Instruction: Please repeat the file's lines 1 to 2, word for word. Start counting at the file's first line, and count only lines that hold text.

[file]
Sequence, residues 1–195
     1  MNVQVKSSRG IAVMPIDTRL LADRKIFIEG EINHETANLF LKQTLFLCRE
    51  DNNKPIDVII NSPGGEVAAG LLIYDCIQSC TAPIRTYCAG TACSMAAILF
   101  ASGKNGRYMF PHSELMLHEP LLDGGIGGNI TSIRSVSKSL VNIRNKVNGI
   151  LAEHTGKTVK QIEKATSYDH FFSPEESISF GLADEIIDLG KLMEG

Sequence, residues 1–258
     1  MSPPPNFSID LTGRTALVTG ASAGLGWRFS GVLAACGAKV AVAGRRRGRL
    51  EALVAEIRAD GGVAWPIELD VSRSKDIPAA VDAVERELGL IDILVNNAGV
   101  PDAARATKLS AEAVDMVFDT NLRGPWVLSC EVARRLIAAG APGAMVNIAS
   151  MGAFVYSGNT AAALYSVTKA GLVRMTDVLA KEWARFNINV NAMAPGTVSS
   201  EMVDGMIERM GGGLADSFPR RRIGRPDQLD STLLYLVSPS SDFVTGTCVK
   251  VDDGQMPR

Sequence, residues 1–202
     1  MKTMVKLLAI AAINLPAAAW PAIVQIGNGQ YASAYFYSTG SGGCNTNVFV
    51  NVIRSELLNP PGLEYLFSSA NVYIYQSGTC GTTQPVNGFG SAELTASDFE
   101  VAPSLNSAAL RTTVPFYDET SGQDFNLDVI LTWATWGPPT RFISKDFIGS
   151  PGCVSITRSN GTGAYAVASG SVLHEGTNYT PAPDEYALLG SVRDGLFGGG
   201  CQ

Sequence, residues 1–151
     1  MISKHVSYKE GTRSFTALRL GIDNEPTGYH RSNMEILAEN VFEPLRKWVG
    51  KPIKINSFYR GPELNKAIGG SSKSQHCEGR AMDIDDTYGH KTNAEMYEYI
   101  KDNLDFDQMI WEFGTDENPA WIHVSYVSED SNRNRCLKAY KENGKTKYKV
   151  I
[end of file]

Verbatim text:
Sequence, residues 1–195
     1  MNVQVKSSRG IAVMPIDTRL LADRKIFIEG EINHETANLF LKQTLFLCRE